Navigation Links
Commercial fishing causes dangerous fluctuations in fish populations

Commercial fishing causes serious fluctuations in fish populations leaving them in danger of total collapse, says new research published today. These fluctuations mean current measures in place to control fish stocks may not be sufficient to ensure their sustainability.

The research, which is published in today's Nature, involved compiling the largest ever survey of both exploited fish and non-exploited fish off the California coast. The research team looked at how the abundance of both types of fish varied over a 50 year period, and found the first evidence that exploited species' population levels vary far more than non exploited species' in the same ecosystem.

Researchers concluded that this increased variability in exploited fish stocks was most likely to be caused by the effect fishing has on the age structure of a population. Heavily-fished populations are unlikely to contain any fish older than a few years old, and as such are wholly reliant on the successful growth of larvae into baby fish (recruits) to maintain population numbers year on year.

Professor John Beddington from Imperial College London's Division of Biology, who worked on the study, explained: "Intensive fishing makes populations vulnerable because if they rely on recruits to replenish their numbers, there is always the danger that some kind of environmental factor will devastate the recruits in one season. This would leave the population close to collapse, with very few young fish coming into the group to replace those being caught."

Professor Beddington adds that the increased variability has serious implications for the way in which fish stocks are managed: "Typically fish populations are managed by governments setting total allowable catch limits (TACs), but a fixed TAC which doesn't take into account the variability of abundance over time, may mean that in some years it is completely incompatible with the population size. This means that fishing vessels could unwittingly overexploit the population, even though they are abiding by set limits."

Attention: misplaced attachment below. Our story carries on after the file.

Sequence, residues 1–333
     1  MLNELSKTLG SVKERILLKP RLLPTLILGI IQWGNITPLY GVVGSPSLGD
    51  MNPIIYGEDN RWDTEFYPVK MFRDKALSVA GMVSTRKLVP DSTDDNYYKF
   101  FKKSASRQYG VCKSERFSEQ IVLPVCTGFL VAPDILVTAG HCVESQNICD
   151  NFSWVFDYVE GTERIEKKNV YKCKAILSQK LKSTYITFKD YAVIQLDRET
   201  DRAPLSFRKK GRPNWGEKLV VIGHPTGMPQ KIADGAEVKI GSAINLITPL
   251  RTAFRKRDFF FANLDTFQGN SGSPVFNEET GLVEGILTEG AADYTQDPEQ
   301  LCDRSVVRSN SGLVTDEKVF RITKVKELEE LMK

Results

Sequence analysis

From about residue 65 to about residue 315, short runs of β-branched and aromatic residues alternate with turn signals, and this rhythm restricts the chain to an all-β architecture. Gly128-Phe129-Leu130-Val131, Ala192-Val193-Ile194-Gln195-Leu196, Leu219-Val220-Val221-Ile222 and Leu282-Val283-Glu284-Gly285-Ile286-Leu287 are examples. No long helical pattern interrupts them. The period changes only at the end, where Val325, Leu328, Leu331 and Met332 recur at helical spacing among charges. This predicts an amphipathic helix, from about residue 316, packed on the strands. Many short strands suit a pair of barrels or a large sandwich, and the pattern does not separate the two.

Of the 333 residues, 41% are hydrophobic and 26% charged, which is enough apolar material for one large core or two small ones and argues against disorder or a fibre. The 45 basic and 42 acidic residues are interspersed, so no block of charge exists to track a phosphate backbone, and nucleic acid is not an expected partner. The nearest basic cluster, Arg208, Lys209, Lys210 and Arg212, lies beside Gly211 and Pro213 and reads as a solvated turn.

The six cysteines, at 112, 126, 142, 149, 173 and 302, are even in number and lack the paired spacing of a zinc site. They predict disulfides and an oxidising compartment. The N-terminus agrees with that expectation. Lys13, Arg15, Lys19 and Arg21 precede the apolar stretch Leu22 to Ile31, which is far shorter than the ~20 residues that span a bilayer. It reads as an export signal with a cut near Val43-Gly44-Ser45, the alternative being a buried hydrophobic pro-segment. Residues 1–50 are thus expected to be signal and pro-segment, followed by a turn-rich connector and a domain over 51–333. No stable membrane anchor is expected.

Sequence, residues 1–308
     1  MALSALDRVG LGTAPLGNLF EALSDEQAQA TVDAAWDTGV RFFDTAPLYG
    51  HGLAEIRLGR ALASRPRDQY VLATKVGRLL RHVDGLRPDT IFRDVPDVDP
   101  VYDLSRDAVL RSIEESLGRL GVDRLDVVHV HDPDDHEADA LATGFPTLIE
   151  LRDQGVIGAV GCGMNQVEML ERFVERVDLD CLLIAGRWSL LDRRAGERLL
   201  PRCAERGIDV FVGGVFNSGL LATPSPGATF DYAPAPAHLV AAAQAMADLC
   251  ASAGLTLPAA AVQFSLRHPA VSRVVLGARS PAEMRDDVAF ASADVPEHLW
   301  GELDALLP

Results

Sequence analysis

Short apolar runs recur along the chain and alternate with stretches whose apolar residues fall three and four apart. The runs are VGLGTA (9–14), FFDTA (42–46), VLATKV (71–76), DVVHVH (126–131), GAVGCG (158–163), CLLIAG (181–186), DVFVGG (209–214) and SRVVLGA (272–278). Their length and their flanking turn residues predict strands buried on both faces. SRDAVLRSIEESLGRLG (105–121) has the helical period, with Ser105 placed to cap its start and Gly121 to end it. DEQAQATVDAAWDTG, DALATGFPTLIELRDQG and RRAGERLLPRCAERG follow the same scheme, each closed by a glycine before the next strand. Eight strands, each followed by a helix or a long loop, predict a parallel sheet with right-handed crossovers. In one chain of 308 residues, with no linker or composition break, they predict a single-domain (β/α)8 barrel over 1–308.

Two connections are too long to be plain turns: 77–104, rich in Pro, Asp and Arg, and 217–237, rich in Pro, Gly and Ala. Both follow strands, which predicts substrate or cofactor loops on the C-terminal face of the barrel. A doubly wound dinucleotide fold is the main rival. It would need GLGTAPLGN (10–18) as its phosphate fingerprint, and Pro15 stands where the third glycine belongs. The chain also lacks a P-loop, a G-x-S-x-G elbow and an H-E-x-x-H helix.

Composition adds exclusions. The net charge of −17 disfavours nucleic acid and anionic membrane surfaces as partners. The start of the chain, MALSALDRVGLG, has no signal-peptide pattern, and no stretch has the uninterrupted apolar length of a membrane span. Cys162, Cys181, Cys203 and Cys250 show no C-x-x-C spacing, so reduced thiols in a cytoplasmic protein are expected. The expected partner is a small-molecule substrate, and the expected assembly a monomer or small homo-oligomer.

Researchers hope that their findings will mean future decisions about fishery management take into account the variations caused by fishing, to safeguard the future of key fish populations.
'"/>

Source:Imperial College London


Related biology news :

1. Agilent Technologies Introduces First Commercial Mouse Microarray for Comparative Genomic Hybridization Research
2. Overfishing may drive endangered seabird to rely upon lower quality food
3. Overfishing in inland waters reduces biodiversity and threatens health
4. Hooked on fishing, and were heading for the bottom, says scientist
5. UN review shows need to halt destructive fishing practice
6. Overfishing large sharks impacts entire marine ecosystem, shrinks shellfish supply
7. Long-lived deep-sea fishes imperiled by technology, overfishing
8. BRCA1 causes ovarian cancer through indirect, biochemical route
9. Researchers discover molecule that causes secondary stroke
10. NASA study finds snow melt causes large ocean plant blooms
11. Alarm pheromone causes aphids to sprout wings

Post Your Comments:
*Name:
*Comment:
*Email:


(Date:4/11/2017)... Fla. , April 11, 2017 ... and secure authentication solutions, today announced that it ... Intelligence Advanced Research Projects Activity (IARPA) to develop ... Thor program. "Innovation has been a ... IARPA,s Thor program will allow us to innovate ...
(Date:4/11/2017)... 11, 2017 No two people are ... the New York University Tandon School of Engineering ... found that partial similarities between prints are common ... mobile phones and other electronic devices can be ... vulnerability lies in the fact that fingerprint-based authentication ...
(Date:4/6/2017)... Forecasts by Product Type (EAC), ... End-Use (Transportation & Logistics, Government & Public Sector, Utilities ... Generation Facility, Nuclear Power), Industrial, Retail, Business Organisation (BFSI), ... you looking for a definitive report on the $27.9bn ... ...
Breaking Biology News(10 mins):
(Date:7/17/2017)... ... July 17, 2017 , ... OHAUS ... announced the launch of its new line of Heavy-Duty Orbital Shakers today. , ... analog and digital) for laboratory applications. These shakers are ideal for load ...
(Date:7/17/2017)... Lake City, Utah (PRWEB) , ... July 17, ... ... “Company”), a molecular diagnostics company that has developed and intends both to manufacture ... and started trading on the NASDAQ Capital Market. , Headquartered in Sandy, Utah, ...
(Date:7/16/2017)... ... July 16, 2017 , ... OHAUS ... announced the launch of its new line of Extreme Environment Shakers today. , ... require CO2 and humidity for optimal cell growth such as cell cultures, solubility ...
(Date:7/14/2017)... ... July 13, 2017 , ... Dr. Joshua Mondlick has introduced the LANAP® ... practice, Mondlick Perio, in the Phoenix area. Dr. Mondlick is at the ... FDA cleared laser treatment to re-grow bone and with significantly less pain than traditional ...
Breaking Biology Technology: